11

I am trying to create a BASH script what would extract the data from HTML table. Below is the example of table from where I need to extract data:

<table border=1>
<tr>
<td><b>Component</b></td>
<td><b>Status</b></td>
<td><b>Time / Error</b></td>
</tr>
<tr><td>SAVE_DOCUMENT</td><td>OK</td><td>0.406 s</td></tr>
<tr><td>GET_DOCUMENT</td><td>OK</td><td>0.332 s</td></tr>
<tr><td>DVK_SEND</td><td>OK</td><td>0.001 s</td></tr>
<tr><td>DVK_RECEIVE</td><td>OK</td><td>0.001 s</td></tr>
<tr><td>GET_USER_INFO</td><td>OK</td><td>0.143 s</td></tr>
<tr><td>NOTIFICATIONS</td><td>OK</td><td>0.001 s</td></tr>
<tr><td>ERROR_LOG</td><td>OK</td><td>0.001 s</td></tr>
<tr><td>SUMMARY_STATUS</td><td>OK</td><td>0.888 s</td></tr>
</table>

And I want the BASH script to output it like so:

SAVE_DOCUMENT OK 0.475 s
GET_DOCUMENT OK 0.345 s
DVK_SEND OK 0.002 s
DVK_RECEIVE OK 0.001 s
GET_USER_INFO OK 4.465 s
NOTIFICATIONS OK 0.001 s
ERROR_LOG OK 0.002 s
SUMMARY_STATUS OK 5.294 s

How to do it?

So far I have tried using the sed, but I don't know how to use it quite well. The header of the table(Component, Status, Time/Error) I excluded with grep using grep "<tr><td>, so only lines starting with <tr><td> will be selected for next parsing (sed). This is what I used: sed 's@<\([^<>][^<>]*\)>\([^<>]*\)</\1>@\2@g' But then <tr> tags still remain and also it wont separate the strings. In other words the result of this script is:

<tr>SAVE_DOCUMENTOK0.406 s</tr>

The full command of the script I'm working on is:

cat $FILENAME | grep "<tr><td>" | sed 's@<\([^<>][^<>]*\)>\([^<>]*\)</\1>@\2@g'
  • Does it have to be a bash script? If you are on Linux, perhaps a Perl script would be an easier option. You could then use the HTML::Parser module, or similar. – Mike Jul 28 '11 at 6:16
  • Has to be bash:) – Marko Jul 28 '11 at 6:19
13

Go with (g)awk, it's capable :-), here is a solution, but please note: it's only working with the exact html table format you had posted.

 awk -F "</*td>|</*tr>" '/<\/*t[rd]>.*[A-Z][A-Z]/ {print $3, $5, $7 }' FILE

Here you can see it in action: https://ideone.com/zGfLe

Some explanation:

  1. -F sets the input field separator to a regexp (any of tr's or td's opening or closing tag

  2. then works only on lines that matches those tags AND at least two upercasse fields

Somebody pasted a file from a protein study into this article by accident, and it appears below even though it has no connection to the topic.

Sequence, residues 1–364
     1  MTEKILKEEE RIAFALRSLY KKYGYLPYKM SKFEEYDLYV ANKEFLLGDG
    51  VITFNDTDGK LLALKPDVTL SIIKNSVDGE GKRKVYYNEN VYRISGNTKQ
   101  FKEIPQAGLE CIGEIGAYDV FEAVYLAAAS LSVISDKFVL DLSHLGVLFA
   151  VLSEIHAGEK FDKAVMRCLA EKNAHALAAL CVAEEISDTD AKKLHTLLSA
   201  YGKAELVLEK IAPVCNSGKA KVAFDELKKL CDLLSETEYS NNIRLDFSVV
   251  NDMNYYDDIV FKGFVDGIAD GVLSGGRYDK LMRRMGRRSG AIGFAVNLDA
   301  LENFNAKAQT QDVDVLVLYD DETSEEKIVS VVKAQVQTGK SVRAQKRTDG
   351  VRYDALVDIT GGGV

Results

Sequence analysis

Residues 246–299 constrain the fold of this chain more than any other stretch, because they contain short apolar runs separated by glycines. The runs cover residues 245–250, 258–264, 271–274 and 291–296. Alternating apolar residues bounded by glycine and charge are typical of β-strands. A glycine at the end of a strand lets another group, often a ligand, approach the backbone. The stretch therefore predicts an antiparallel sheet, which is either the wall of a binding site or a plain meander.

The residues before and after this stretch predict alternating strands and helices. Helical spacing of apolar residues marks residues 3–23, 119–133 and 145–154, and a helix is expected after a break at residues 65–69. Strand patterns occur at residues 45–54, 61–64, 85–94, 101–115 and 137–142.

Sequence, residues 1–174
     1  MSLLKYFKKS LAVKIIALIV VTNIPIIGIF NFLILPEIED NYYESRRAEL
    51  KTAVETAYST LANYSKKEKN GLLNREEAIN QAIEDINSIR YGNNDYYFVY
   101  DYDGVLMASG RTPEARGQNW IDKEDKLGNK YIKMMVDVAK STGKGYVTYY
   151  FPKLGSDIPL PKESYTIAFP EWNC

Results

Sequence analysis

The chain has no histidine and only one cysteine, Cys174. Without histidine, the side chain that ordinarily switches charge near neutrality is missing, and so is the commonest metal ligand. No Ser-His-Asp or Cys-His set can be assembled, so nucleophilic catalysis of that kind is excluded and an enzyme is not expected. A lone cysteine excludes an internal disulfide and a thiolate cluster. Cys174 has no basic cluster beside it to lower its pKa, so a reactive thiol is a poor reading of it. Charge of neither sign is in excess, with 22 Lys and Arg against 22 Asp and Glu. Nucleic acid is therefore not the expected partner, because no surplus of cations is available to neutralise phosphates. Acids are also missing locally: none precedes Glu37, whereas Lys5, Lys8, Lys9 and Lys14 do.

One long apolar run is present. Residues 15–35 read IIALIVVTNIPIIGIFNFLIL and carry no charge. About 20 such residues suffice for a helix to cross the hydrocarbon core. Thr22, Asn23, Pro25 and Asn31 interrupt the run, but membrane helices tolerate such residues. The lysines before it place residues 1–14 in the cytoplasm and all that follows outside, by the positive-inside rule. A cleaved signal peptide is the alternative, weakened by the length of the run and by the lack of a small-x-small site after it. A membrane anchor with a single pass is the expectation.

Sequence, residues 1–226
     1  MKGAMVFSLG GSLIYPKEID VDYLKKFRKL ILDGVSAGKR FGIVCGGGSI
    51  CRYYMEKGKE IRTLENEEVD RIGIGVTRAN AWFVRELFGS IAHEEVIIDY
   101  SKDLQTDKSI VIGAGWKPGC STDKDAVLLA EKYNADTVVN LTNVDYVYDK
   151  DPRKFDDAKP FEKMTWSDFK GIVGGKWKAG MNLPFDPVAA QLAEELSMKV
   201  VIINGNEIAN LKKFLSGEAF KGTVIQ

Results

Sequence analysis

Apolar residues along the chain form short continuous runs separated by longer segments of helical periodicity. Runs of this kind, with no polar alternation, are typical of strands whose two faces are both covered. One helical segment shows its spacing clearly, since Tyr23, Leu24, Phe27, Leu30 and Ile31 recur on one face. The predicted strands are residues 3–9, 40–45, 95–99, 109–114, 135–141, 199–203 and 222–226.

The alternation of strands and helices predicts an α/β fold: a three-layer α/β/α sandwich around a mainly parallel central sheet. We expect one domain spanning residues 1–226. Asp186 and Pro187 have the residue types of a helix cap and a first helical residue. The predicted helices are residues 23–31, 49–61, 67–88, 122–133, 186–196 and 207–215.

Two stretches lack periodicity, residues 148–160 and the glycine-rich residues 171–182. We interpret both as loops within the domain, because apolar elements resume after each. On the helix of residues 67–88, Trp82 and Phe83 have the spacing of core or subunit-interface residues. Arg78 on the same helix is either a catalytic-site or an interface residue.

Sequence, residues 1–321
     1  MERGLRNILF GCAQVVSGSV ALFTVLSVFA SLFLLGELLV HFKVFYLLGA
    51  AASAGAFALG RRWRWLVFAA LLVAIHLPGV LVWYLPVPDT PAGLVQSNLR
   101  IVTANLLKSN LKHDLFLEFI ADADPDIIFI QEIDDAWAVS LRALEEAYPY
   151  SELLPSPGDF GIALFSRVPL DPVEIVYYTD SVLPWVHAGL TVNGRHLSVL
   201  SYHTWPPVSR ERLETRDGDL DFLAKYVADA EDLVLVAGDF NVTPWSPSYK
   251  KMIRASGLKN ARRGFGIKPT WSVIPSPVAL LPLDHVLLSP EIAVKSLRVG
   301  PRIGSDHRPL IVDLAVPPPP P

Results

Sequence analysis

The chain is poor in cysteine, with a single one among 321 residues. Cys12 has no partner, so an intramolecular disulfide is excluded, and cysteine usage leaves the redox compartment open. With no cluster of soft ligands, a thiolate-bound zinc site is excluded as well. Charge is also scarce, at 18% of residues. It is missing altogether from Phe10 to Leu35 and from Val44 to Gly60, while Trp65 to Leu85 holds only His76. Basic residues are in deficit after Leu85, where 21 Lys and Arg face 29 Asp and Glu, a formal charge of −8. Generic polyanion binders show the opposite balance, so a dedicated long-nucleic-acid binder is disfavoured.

3. then prints the needed fields.

HTH

  • Superb explanation! Thank you a lot! – Marko Jul 28 '11 at 6:31
  • How to edit output more? For example if I want the output to be like this: SAVE_DOCUMENT="OK 0.475 s" GET_DOCUMENT="OK 0.345 s" DVK_SEND="OK 0.002 s" – Marko Jul 28 '11 at 7:53
  • Just replace the {print $3, $5, $7 } part with {print $3 "=\"" $5, $7 "\"" } HTH – Zsolt Botykai Jul 28 '11 at 8:09
  • Yeah, it works! One more question, how to remove space and "s" behind the numbers, so the output would be: DVK_SEND="OK 0.002" – Marko Jul 28 '11 at 11:47
  • It's a very little bit trickier: use {print $3 "=\"" $5, gensub(" *s$","","g",$7) "\"" } HTH – Zsolt Botykai Jul 28 '11 at 20:32
11

You can use bash xpath (XML::XPath perl module) to accomplish that task very easily:

xpath -e '//tr[position()>1]' test_input1.xml 2> /dev/null | sed -e 's/<\/*tr>//g' -e 's/<td>//g' -e 's/<\/td>/ /g'
5

There are a lot of ways of doing this but here's one:

grep '^<tr><td>' < $FILENAME \
| sed \
    -e 's:<tr>::g'  \
    -e 's:</tr>::g' \
    -e 's:</td>::g' \
    -e 's:<td>: :g' \
| cut -c2-

You could use more sed(1) (-e 's:^ ::') instead of the cut -c2- to remove the leading space but cut(1) doesn't get as much love as it deserves. And the backslashes are just there for formatting, you can remove them to get a one liner or leave them in and make sure that they're immediately followed by a newline.

The basic strategy is to slowly pull the HTML apart piece by piece rather than trying to do it all at once with a single incomprehensible pile of regex syntax.

Parsing HTML with a shell pipeline isn't the best idea ever but you can do it if the HTML is known to come in a very specific format. If there will be variation then you'd be better with with a real HTML parser in Perl, Ruby, Python, or even C.